Career research awards make the investment in capability, innovation and development

Date Posted

3 July, 2017

Posted by

Cathy Weis

Applications are open for Sugar Research Australia’s (SRA’s) Early-Career and Mid-Career Researcher (ECR/MCR) Awards, which encourage innovative research ideas and enhance the capability of the research sector that supports the Australian sugarcane industry.

Dr Michael O’Shea, General Manager of the Research Funding Unit at SRA, said the awards were an investment in professional development for people directly involved in the sugarcane industry.

The awards are available for diverse activities, including for researchers who may require initial results or a proof of concept prior to developing a larger project, and who want to expand their skills and build collaborations in pursuit of an innovative initiative.

“SRA usually grants two ECR/MCR awards per year at a typical level of $10,000 to $15,000 per award,” Dr O’Shea said. “They present a valuable professional development opportunity for researchers in the Australian sugarcane industry, to assist them to develop innovative and transformative projects that benefit sugarcane growers and millers.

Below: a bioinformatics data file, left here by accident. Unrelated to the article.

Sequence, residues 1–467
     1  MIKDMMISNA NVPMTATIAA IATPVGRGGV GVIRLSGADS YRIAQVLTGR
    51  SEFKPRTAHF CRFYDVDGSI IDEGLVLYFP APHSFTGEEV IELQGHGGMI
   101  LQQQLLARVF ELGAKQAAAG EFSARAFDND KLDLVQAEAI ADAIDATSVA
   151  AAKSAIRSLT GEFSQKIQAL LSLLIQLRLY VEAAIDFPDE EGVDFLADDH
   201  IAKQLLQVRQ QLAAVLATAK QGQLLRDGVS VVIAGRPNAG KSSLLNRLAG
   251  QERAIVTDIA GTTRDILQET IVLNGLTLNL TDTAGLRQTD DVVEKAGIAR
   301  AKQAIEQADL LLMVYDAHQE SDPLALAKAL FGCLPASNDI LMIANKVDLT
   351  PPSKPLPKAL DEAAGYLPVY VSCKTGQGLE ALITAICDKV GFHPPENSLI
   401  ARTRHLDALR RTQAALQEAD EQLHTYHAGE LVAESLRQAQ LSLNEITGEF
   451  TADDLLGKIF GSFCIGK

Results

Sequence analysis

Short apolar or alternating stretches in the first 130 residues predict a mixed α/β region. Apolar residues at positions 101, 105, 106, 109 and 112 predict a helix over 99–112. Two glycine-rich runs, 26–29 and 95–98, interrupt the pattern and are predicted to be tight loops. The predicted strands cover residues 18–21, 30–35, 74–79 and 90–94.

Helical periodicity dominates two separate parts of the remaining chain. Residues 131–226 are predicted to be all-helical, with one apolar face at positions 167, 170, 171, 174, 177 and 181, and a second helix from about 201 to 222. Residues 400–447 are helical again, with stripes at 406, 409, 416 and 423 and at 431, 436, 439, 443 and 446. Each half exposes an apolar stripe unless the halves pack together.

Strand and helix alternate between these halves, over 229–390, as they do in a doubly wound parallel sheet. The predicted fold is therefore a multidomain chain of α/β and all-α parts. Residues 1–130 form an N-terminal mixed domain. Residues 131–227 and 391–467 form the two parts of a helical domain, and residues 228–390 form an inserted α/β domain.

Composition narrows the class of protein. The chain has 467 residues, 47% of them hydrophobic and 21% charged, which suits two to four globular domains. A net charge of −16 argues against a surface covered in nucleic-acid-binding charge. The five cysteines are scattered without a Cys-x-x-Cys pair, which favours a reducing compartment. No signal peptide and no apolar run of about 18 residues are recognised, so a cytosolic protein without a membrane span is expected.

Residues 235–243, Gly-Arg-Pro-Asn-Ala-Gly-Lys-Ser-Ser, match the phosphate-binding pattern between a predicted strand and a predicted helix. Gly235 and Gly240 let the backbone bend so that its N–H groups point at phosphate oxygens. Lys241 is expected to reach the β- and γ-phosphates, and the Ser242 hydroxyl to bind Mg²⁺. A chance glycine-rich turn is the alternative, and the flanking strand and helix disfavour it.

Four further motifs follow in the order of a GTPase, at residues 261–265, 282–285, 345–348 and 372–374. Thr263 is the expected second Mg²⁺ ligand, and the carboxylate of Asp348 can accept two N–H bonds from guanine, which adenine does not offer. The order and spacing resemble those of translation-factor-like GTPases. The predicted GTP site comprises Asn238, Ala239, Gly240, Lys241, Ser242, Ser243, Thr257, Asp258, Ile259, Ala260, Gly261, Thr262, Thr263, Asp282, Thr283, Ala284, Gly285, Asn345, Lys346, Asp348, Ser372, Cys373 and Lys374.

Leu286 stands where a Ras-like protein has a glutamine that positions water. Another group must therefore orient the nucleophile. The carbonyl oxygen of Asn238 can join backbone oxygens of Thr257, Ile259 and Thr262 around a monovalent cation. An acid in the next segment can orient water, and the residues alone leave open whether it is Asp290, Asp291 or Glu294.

“SRA is committed to investing in research that can be adopted on farm or in the mill, and providing a tangible and positive outcome for sugarcane growers and millers. All applications will be assessed in that context of their benefit to the industry.”

The benefits of the ECR/MCR awards should be aligned with the Key Focus Areas within the SRA strategic plan. Applications close on August 31, 2017.

QUT Researcher Dr Jan Zhanying Zhang has participated in an ECR / MCR Award where he investigated the use of biocontrol agents and biofertilisers for sugarcane to enhance growth.

“Further research based on my project may lead to the development and adoption of SRA-developed packages for integrated management of key diseases,” Dr Zhang said. “Biocontrol agents are environmentally friendly, and the use of these agents could improve sugarcane growth and sugar production, while manufacturing biocontrol agents would provide job opportunities in rural and regional areas.

“I encourage early- and mid-career research scientists in the Australian sugarcane industry to apply for this professional development opportunity.”

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